WASHINGTON — Early Dec. 19, Judge Robert H. Bork died in an Arlington, Va., hospital of complications from heart disease.

A renowned legal scholar and former professor at Yale, Bork served as U.S. solicitor general and U.S. attorney general, as well as sat as a judge on the Court of Appeals for the D.C. Circuit from 1982-1988, where he was succeeded by Clarence Thomas.

Today, he is probably best remembered for the contentious Senate confirmation battle that followed his nomination to the Supreme Court by President Ronald Reagan.

The acrimony of that confirmation, which included Sen. Edward Kennedy’s now-infamous description of "Robert Bork’s America" and featured a denunciation by Bill Clinton (a former student of Bork’s from his years of teaching at Yale), has cast a long shadow over subsequent Supreme Court nominations.

It also gave the English language a new verb, "to bork," defined by the 2002 Oxford English Dictionary as "to defame or vilify (a person) systematically, esp. in the mass media, usually with the aim of preventing his or her appointment to public office; to obstruct or thwart (a person) in this way."

Bork resigned his seat on the D.C. Circuit in the aftermath of the hearings, leading some commentators to suggest that he had been embittered by the process. However, Opus Dei Father C. John McCloskey III, who was instrumental in Bork’s conversion to Catholicism in 2003, offered a description of his friend that counters this dark portrait.

"[Bork] could play the curmudgeon. He was hirsute; he had the beard — he was also a big smoker. He could have been a jazz musician in the 1950s. He had an ironic sense of humor. … [But] he was fun to be with. One of the things he was famous for was the Bork martini," said Father McCloskey, referring to a special recipe the judge concocted to serve to guests at his house. "I wouldn’t call him a slap-your-back kind of fellow, but he was fun to be around."

Bork was greatly influenced in his conversion by his second wife, Mary Ellen Pohl, a former Catholic nun. Former National Review editor Kate O’Beirne, a friend of the Borks who also acted as Judge Bork’s godmother, described Mrs. Bork as a key influence on his decision to enter the Church.

"Through his towering intellect, Bob Bork reasoned his way to the faith with his beloved wife, Mary Ellen, as his indispensable guide and example," O’Beirne told the Register.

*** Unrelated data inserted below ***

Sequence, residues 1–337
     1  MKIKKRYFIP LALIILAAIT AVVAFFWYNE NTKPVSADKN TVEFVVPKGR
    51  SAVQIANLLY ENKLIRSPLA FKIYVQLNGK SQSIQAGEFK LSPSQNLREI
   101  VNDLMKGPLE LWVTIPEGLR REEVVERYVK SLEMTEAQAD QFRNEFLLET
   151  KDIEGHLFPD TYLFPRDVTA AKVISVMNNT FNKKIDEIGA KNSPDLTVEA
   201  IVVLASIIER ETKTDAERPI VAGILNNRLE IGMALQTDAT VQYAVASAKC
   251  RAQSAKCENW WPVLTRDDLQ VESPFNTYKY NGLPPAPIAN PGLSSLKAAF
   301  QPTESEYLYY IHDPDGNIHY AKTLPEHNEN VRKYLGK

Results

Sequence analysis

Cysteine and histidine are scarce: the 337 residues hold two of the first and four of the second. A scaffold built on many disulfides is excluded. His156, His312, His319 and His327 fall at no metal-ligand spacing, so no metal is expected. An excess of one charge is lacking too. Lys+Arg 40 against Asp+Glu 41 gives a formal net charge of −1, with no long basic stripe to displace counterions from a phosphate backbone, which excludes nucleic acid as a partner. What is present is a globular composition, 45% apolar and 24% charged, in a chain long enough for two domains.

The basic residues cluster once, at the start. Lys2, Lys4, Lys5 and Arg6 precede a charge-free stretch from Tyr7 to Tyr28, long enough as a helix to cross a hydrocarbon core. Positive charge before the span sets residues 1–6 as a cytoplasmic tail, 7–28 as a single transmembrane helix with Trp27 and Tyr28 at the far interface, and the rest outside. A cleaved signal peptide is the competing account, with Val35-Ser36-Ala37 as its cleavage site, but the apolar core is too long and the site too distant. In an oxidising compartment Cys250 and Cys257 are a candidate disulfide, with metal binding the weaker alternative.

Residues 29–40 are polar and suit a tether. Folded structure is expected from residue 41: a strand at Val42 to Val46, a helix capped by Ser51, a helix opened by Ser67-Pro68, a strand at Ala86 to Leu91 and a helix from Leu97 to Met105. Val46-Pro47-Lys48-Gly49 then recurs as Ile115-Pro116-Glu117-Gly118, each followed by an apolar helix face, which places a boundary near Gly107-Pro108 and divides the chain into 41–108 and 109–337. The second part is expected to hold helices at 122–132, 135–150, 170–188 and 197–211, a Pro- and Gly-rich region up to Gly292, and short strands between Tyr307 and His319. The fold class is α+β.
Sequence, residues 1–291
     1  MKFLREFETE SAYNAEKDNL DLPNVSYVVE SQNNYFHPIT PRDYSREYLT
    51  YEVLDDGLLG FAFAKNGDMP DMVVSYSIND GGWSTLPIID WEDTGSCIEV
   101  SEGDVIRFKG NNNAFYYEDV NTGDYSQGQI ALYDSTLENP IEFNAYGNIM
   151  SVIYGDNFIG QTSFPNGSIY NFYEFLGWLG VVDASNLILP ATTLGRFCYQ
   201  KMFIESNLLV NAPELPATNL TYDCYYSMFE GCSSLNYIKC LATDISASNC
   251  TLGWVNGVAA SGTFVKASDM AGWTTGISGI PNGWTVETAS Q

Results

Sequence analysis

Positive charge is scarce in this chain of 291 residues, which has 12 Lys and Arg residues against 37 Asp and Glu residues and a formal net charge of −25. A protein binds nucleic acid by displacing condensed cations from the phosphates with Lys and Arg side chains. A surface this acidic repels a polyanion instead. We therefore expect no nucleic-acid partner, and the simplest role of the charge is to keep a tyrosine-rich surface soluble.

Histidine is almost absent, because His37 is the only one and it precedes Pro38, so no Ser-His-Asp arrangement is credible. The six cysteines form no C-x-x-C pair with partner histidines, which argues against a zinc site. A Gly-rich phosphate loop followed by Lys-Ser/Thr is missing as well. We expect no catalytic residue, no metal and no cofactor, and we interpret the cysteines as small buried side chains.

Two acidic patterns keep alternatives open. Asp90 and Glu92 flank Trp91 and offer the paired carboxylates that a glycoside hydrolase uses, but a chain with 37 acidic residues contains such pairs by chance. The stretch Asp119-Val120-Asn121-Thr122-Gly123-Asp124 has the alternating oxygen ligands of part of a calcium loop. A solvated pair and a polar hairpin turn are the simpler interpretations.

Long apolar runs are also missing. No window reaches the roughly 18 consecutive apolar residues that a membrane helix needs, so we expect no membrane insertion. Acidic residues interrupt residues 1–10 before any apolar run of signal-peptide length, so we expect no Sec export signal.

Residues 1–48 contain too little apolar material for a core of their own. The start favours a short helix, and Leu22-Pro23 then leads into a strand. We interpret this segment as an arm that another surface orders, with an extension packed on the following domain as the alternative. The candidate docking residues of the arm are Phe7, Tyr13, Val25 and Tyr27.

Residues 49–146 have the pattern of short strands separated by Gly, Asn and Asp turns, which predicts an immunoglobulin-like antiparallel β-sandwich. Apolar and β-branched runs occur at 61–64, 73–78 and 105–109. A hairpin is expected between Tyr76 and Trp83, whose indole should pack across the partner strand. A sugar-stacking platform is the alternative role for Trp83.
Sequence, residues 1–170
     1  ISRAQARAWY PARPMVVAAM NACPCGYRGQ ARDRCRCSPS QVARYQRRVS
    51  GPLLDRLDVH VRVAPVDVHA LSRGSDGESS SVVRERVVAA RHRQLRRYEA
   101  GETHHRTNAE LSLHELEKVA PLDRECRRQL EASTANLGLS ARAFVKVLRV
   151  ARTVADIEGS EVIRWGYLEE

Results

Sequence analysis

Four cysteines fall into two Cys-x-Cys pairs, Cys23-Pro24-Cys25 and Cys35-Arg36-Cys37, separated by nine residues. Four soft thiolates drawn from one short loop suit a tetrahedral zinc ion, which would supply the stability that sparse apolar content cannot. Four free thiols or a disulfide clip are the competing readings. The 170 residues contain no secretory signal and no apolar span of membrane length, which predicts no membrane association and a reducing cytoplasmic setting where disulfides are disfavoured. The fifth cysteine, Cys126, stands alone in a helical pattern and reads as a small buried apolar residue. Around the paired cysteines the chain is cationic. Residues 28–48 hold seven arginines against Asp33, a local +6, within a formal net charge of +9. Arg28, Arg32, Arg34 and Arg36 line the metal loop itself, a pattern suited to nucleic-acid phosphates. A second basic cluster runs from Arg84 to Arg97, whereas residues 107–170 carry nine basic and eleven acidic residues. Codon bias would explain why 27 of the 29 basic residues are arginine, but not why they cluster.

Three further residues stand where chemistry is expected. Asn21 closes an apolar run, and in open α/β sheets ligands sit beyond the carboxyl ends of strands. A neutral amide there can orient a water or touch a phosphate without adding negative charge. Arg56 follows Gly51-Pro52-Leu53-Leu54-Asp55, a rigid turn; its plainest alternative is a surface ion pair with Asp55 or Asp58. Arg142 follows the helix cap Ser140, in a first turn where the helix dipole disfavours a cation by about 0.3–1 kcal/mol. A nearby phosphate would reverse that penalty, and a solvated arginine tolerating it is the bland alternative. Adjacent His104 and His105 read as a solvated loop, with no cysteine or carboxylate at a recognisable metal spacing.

Bork himself repeated the same tale from a different angle, when he paraphrased a congratulatory note sent by the late Father Richard John Neuhaus, the editor of First Things, shortly after his reception into the Church: "[N]ow all of the saints [can] get some rest from Mary Ellen’s importuning."

Over the past 10 years, Mary Ellen Bork continued to take care of her husband physically, as she had done spiritually, supervising his care as he battled a number of serious health problems.

Bork himself, speaking in an interview with Register senior writer Tim Drake, put a humble and typically witty spin on his conversion: "There is an advantage in waiting until you’re 76 to be baptized, because you’re forgiven all of your prior sins. Plus, at that age you’re not likely to commit any really interesting or serious sins."

 With Bork’s death, constitutional experts will revive their speculative meditation on what his legacy on the Supreme Court might have been. Certainly the jurisprudence of the last 25 years would have had a different flavor with Bork on the bench instead of Reagan’s substitute nominee, Anthony Kennedy.

Judge Bork’s legacy also includes three bestselling books, including Slouching Towards Gomorrah (1996) and Coercing Virtue (2003). They offer his penetrating insights into the social problems facing modern America and how they are manifested in legal and political dysfunction.

As Father McCloskey put it: Bork "basically saw where we are today, 10 to 15 years ago — he saw the relativism; he saw the government playing too big a part in society.

"He was a prophet."

Sophia Mason blogs at GirlWhoWasSaturday.blogspot.com

and lives in Arlington, Virginia. A longer version of this

story can be found at NCRegister.com.